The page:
If you find it stressful trying to find your keys in a car park, you might find this article by PA Motoring Service useful as it looks at the recent technology that could enable your smartphone to open and start your car.
A group of car manufacturers and technology giants have formed a consortium which aims to create a standard system allowing cars to be operated via a smartphone rather than a key.
Manufacturers including Volkswagen, General Motors, Honda, Toyota and BMW have joined forces with the likes of Apple, Samsung, Bosch, Panasonic and LG to form the Car Connectivity Consortium (CCC). The group has now announced the new ‘Digital Key Release 1.0’ specification – a standard which sets out a system for locking, unlocking and starting a car with a compatible smart device.
The mixture of cars and smartphones is limited at the moment. Many companies, such as Volvo, provide companion smartphone apps which can be used to track and monitor cars, but so far only Tesla allows owners to ditch the key altogether and access their Model S, 3 or X with their mobile.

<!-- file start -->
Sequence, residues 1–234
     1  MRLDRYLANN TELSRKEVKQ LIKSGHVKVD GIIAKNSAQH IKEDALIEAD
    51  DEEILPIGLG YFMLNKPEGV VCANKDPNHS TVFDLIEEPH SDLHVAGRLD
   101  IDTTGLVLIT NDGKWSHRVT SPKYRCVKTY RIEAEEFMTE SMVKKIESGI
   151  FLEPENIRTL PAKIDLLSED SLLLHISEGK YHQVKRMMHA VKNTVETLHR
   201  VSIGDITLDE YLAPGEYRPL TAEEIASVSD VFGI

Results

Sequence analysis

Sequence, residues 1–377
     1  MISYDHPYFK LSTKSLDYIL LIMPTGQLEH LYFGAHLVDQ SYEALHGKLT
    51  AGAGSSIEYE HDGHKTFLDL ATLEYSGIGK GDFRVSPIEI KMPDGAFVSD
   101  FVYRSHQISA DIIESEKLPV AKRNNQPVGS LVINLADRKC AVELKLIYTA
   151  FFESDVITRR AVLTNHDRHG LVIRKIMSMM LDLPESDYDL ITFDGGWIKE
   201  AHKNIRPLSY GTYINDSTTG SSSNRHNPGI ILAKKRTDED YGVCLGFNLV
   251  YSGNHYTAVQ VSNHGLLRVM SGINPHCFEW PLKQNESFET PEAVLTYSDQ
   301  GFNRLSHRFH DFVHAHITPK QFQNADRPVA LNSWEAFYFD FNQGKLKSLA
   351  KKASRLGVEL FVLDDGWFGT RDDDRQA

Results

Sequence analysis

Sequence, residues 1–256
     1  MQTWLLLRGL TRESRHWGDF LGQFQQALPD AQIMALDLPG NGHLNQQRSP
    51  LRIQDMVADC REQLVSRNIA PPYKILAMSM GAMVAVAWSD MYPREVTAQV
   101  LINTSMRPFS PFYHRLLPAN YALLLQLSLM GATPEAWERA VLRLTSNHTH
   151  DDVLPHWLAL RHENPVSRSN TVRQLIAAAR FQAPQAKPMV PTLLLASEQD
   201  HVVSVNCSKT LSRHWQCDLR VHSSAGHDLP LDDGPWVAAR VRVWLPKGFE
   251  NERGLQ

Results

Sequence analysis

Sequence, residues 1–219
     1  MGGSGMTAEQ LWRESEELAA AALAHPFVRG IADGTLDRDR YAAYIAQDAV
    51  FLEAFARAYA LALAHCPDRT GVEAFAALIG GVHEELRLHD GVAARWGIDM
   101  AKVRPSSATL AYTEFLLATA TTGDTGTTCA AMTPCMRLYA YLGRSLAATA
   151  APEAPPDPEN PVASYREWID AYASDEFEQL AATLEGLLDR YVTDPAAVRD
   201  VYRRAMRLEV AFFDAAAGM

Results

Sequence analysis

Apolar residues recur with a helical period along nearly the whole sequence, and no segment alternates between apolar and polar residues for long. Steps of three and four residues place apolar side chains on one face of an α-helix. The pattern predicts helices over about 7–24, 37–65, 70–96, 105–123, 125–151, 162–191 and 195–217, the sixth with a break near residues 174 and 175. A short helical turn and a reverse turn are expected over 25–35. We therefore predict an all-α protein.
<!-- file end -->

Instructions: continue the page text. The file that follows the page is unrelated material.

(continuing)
The CCC’s new protocol aims to standardise smartphone operation with cars, assuring ‘the highest state-of-the-art security level for vehicle access.
The protocol is based around Near-Field Communication (NFC) the same technology that powers payment apps such as Apple Pay and Android Wallet. It’s more secure than the radio frequency chips in current keyless entry systems or contactless payment cards, as it operates over a shorter range and cannot easily be ‘boosted’ by rogue car thieves.
A statement from Volkswagen said: “VW has supported and contributed to the Digital Key standardisation activity of CCC from the first day. We’re excited to see the fast specification development and now the release of version 1.”
The Consortium is now hard at work on version 2.0, which is targeted for release in the first quarter of 2019. It will expand version 1 to a wider array of smart devices and vehicles.